Single particle characterization of iron-induced pore-forming alpha-synuclein oligomers
ABSTRACT Aggregation of alpha-synuclein is a key event in several neurodegenerative diseases, including Parkinson disease. Recent findings suggest that oligomers represent the principal toxic aggregate species. Using confocal single-molecule fluorescence techniques, such as scanning for intensely fluorescent targets (SIFT) and atomic force microscopy, we monitored alpha-synuclein oligomer formation at the single particle level. Organic solvents were used to trigger aggregation, which resulted in small oligomers ("intermediate I"). Under these conditions, Fe(3+) at low micromolar concentrations dramatically increased aggregation and induced formation of larger oligomers ("intermediate II"). Both oligomer species were on-pathway to amyloid fibrils and could seed amyloid formation. Notably, only Fe(3+)-induced oligomers were SDS-resistant and could form ion-permeable pores in a planar lipid bilayer, which were inhibited by the oligomer-specific A11 antibody. Moreover, baicalein and N'-benzylidene-benzohydrazide derivatives inhibited oligomer formation. Baicalein also inhibited alpha-synuclein-dependent toxicity in neuronal cells. Our results may provide a potential disease mechanism regarding the role of ferric iron and of toxic oligomer species in Parkinson diseases. Moreover, scanning for intensely fluorescent targets allows high throughput screening for aggregation inhibitors and may provide new approaches for drug development and therapy.
SourceAvailable from: Johannes LevinActa Neuropathologica 03/2014; 127(5). DOI:10.1007/s00401-014-1265-3 · 9.78 Impact Factor
[Show abstract] [Hide abstract]
ABSTRACT: In several neurodegenerative diseases, hyperphosphorylation at position Ser129 is found in fibrillar deposits of alpha-synuclein (asyn), implying a pathophysiological role of asyn phosphorylation in neurodegeneration. However, recent animal models applying asyn phosphorylation mimics demonstrated a protective effect of phosphorylation. Since metal-ion induced asyn oligomers were identified as a potential neurotoxic aggregate species with membrane pore-forming abilities, the current study was undertaken to determine effects of asyn phosphorylation on oligomer membrane binding.PLoS ONE 06/2014; 9(6):e98906. DOI:10.1371/journal.pone.0098906 · 3.53 Impact Factor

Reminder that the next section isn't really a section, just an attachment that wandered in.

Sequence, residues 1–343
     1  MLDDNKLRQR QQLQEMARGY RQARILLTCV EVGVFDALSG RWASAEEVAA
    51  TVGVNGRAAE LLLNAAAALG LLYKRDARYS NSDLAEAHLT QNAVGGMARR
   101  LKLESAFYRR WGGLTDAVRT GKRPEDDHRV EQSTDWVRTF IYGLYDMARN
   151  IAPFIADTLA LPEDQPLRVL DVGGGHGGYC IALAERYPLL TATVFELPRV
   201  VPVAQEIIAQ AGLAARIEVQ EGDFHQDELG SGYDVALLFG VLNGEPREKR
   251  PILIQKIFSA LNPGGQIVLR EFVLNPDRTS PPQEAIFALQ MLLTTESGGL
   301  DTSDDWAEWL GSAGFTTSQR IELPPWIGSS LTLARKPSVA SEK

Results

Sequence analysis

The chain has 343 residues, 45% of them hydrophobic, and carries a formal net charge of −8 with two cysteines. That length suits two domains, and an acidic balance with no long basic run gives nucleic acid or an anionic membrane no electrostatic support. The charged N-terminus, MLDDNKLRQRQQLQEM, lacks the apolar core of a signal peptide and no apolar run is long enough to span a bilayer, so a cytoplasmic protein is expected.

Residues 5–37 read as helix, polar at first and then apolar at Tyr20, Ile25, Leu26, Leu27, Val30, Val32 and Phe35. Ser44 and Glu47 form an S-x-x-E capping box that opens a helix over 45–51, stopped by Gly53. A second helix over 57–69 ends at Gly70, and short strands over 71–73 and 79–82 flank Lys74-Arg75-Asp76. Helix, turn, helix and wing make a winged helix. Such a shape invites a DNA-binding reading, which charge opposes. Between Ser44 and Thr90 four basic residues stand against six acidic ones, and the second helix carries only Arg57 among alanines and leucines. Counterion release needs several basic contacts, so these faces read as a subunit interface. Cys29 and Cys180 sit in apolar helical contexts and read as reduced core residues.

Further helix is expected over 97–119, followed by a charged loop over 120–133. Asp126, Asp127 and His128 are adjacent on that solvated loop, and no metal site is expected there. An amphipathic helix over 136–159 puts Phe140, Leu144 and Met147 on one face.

[Show abstract] [Hide abstract]
ABSTRACT: Background Certain membrane-associated arabinogalactan-proteins (AGPs) with lysine-rich sub-domains participate in plant growth, development and resistance to stress. To complement fluorescence imaging of such molecules when tagged and introduced transgenically to the cell periphery and to extend the groundwork for assessing molecular structure, some behaviours of surface-spread AGPs were visualized at the nanometre scale in a simplified electrostatic environment. Methods Enhanced green fluorescent protein (EGFP)-labelled LeAGP1 was isolated from Arabidopsis thaliana leaves using antibody-coated magnetic beads, deposited on graphite or mica, and examined with atomic force microscopy (AFM). Key Results When deposited at low concentration on graphite, LeAGP can form independent clusters and rings a few nanometres in diameter, often defining deep pits; the aperture of the rings depends on plating parameters. On mica, intermediate and high concentrations, respectively, yielded lacy meshes and solid sheets that could dynamically evolve arcs, rings, 'pores' and 'co-pores', and pits. Glucosyl Yariv reagent combined with the AGP to make very large and distinctive rings. Conclusions Diverse cell-specific nano-patterns of native lysine-rich AGPs are expected at the wall-membrane interface and, while there will not be an identical patterning in different environmental settings, AFM imaging suggests protein tendencies for surficial organization and thus opens new avenues for experimentation. Nanopore formation with Yariv reagents suggests how the reagent might bind with AGP to admit Ca2+ to cells and hints at ways in which AGP might be structured at some cell surfaces.Annals of Botany 08/2014; 114(6). DOI:10.1093/aob/mcu172 · 3.30 Impact Factor